As the waters rose around her house, Ohn Tay grabbed her eight-year-old son and ran to safety. Hours later, she gave birth to a baby girl.
Her husband is missing, but the young mother and her children are safe, crammed into a Buddhist monastery with a leaky roof, along with 150 other survivors, half of them children.
With homes flattened and loved ones missing, the people of Burma's coastal heartland have little to take comfort in. Ohn Tay counts herself among the lucky ones with has a baby to cradle amid so much death and destruction.
"My baby stays with me here. I try to keep her from getting wet, but it's hard at night when there is no room to move around and when it rains," she said, pointing at the roof, half of it torn away by the storm.
The limited area that is protected means that some of the refugees must sleep sitting up.
Kaw Hmu, a town about 60 miles south-west of Rangoon, was lucky, there are no confirmed deaths yet, though some residents are missing.
People know that in towns not far away, hundreds of people perished. Journalists reached the area yesterday after driving for three hours across rutted roads from the former capital.
Ohn Tay told how she was in the family's hut when the cyclone struck.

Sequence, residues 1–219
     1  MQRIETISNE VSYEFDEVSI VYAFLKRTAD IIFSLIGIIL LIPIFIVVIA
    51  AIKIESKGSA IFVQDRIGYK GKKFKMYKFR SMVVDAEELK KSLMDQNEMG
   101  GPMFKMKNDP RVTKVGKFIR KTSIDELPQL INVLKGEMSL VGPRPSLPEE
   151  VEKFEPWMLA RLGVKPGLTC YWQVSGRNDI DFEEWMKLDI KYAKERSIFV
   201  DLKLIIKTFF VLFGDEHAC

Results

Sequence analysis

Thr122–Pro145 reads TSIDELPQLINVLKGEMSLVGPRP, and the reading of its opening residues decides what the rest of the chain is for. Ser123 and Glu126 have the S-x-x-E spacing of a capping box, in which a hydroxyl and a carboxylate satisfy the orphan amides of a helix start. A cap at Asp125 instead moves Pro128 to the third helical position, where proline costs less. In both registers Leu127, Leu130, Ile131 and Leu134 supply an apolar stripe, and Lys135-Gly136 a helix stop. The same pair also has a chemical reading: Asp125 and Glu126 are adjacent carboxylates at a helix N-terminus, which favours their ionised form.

"The water rose higher and higher. My husband wasn't there, so I carried my son," she said, hugging the boy.
When the winds receded, she found her house completely flattened, like most of her neighbours' homes, and the family's rice field flooded.
"Some people are lucky. They lost their roofs but they still have the structure of the homes," said Din Aung Than, Ohn Tay's father. "But we don't have anything left to fix at all. And we don't have material to rebuild with."
In a corner of the monastery, children ate curry-flavoured soup with a few spoonfuls of rice as monks chatted with refugees nearby.
She We, looking tired and dirty, noted she had not seen anything like this storm in all her 99 years.
"But we are lucky. We heard that in the next town, hundreds of people died," she said.
Pointing to the clusters of children, their faces plastered with a white paste that serves as a home-made sunscreen, a man interjected: "We still have our babies."
She We's daughter, Daw Thay, sat surrounded by her three young children.
"My children were crying all night. There is not enough food. There will be no food this evening," the 42-year-old woman said.
The monks, who depend on people's donations, are going without, giving their meagre rations to the children and the elderly, "but there isn't enough," Daw Thay said.
Even though the town is relatively accessible by land from Rangoon, the country's biggest city, and military trucks can be seen traversing the area, not enough food is coming in.
The soldiers have been cutting away trees, repairing bridges and dragging away the carcasses of dead water buffalos and other animals, but have not distributed much food.
"The soldiers came once yesterday with food," said Daw Thay. They gave each person two cups of rice and said it had to last for the next seven days.